What’s the point of the NHS if it doesn’t work?
The French have a part-private, part-state-funded system, something we should have implemented years ago, were it not for the fact that everyone is so sentimental about the NHS. I too am very fond of the NHS. But there’s no point in having a system that’s free for all if it doesn’t actually work, is there?
We left prepared. Bottles of water, protein snacks, phone chargers, portable Scrabble (even the teenagers can look at the internet for only so long). And we left early: our crossing was at 2 p.m., and by 9 a.m. we were already on the M25. Six-hour queues, we’d been warned. Armageddon on the M2. Somewhere around Maidstone, I got a text. P&O Ferries: ‘We regret our sailings are delayed by up to 45 minutes.’ Uh-oh. But as we descended into Dover, zero sign of trouble. We sailed through check-in. ‘So sorry there’s a bit of a delay,’ said the man in the booth. No worries, said we, pathetically grateful not to be stuck in a lorry park. On to French customs. Again, not a queue in sight. ‘Bonjour,’ I said, in my best Franglais, handing over our passports. They were stamped with a Gallic flourish and returned with a smile. ‘Bon voyage, mademoiselle.’ Ooh, mademoiselle. Stop! Just goes to show, doesn’t it, that you shouldn’t always believe what you see on the tellybox. Or, as one of the teenagers put it in between posing for TikTok with seagulls: ‘I could have had another two hours in bed, Mum, and we’d still have been early.’
She’s right, of course. We Brits do love to get our knickers in a twist about things. Queues at Dover: Armageddon! Heatwave: Armageddon! Being hysterical seems to have become a national pastime. Not so the French. They take a much more horizontal approach to life. A Gallic shrug of the shoulders and another slug of wine. Everything shuts at 12.20 for lunch; as to whether it will re-open postprandially, on verra, as they say. That’s not to say they’re inefficient: I have some friends who emigrated to this part of the world a couple of years ago, and they’ve been blown away by how well things work. He has a long-term heart condition. ‘In England, I’d have to beg for a doctor’s appointment, then wait months to see the specialist; here they ring me back straight away and ask me if I’m free in the afternoon.’ He pays nothing; she gets 70 per cent of her costs covered. The French have a part-private, part-state-funded system, something we should have implemented years ago, were it not for the fact that everyone is so sentimental about the NHS. I too am very fond of the NHS. But there’s no point in having a system that’s free for all if it doesn’t actually work, is there?
That said, there are some things the Brits do much better than the French, namely converting crumbling French stone farmhouses into beautiful, achingly stylish homes. I am surrounded by fields of sunflowers, just outside Roquecor in the Tarn-et-Garonne, in a place I rented from the brilliant artist Sarah Graham, famous for her huge flower and plant paintings. Her family have owned it since the 1970s, and you can feel the love that’s gone into these stones. At night the sky is clear as a bell, a billion trillion stars twinkling like fairy lights. Unidentified creatures alternately kill, eat or mate (it’s hard to tell which) in the bushes, while in the distance the farmers bring in the night-time harvest, preferring to brave the bugs than the blinding heat of the day. In the evenings, the water in the hosepipe is so hot you could almost make tea with it. The sunsets are orange flames.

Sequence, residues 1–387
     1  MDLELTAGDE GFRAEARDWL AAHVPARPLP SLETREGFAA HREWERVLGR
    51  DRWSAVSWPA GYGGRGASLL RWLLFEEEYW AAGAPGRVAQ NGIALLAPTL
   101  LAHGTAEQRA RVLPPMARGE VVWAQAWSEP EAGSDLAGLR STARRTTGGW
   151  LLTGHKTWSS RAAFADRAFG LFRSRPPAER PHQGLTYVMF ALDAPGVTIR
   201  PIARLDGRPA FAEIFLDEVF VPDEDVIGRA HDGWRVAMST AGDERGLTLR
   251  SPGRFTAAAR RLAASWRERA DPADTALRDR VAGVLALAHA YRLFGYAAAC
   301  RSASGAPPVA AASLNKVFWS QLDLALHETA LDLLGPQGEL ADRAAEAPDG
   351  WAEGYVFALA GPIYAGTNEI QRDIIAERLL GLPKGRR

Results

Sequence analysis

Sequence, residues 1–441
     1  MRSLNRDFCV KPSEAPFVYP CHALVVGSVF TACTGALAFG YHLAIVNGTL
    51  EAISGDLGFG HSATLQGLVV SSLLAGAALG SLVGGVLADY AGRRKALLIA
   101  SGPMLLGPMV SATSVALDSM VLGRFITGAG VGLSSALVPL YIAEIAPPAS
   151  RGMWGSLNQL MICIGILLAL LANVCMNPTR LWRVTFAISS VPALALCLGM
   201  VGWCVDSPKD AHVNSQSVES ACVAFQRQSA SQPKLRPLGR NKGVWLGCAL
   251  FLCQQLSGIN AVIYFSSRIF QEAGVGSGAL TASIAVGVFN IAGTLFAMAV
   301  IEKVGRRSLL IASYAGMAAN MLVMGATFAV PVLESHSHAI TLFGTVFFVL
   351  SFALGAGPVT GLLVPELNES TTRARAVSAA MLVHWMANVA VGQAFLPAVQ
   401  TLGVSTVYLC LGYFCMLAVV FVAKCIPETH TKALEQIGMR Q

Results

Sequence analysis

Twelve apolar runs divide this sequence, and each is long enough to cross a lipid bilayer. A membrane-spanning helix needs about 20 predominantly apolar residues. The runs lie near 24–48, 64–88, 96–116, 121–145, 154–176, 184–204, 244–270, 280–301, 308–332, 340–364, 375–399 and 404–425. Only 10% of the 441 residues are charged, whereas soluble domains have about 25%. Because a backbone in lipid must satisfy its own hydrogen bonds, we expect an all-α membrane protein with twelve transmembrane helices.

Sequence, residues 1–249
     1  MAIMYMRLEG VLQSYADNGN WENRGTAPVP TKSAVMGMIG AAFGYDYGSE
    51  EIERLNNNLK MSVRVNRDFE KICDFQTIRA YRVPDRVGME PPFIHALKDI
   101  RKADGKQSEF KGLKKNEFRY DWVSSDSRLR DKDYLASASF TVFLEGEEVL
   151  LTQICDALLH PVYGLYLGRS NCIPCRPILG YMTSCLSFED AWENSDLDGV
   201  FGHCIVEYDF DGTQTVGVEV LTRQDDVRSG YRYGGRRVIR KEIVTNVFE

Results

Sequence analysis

I’m with my teenage daughter and her amour. They look irritatingly good in their bathing costumes. It’s like being in my own private episode of Love Island. As for that other popularity (or unpopularity) contest, the Tory party leadership race, I can’t say I’ve missed the mudslinging. The way Tory infighting has managed to wreck an 80-seat majority is truly astonishing. If you ask me, it’s not a new leader the Tories need, but a shrink, someone who can explain their seemingly insatiable appetite for self-destruction. Anyway, good luck to whoever wins, because boy are they going to need it. The war in Ukraine, fuel prices, cost of living crisis, inflation, sterling as weak as a kitten. A disillusioned and bored electorate: as Kemi Badenoch so astutely pointed out, there are going to be no good options, only less bad ones.
My personal nightmare is a hung parliament, a Lib Dem/Labour coalition that pushes through PR, brings about the break-up of the union, hands more power to the other kind of unions, squeezes taxpayers until the pips squeak – and slowly but surely takes us back to the 1970s. That was when my parents emigrated to Italy, sick to death of power cuts, strikes and the endless economic gloom. I do so hope history isn’t about to repeat itself. But if it does, you know where to find me. Santé.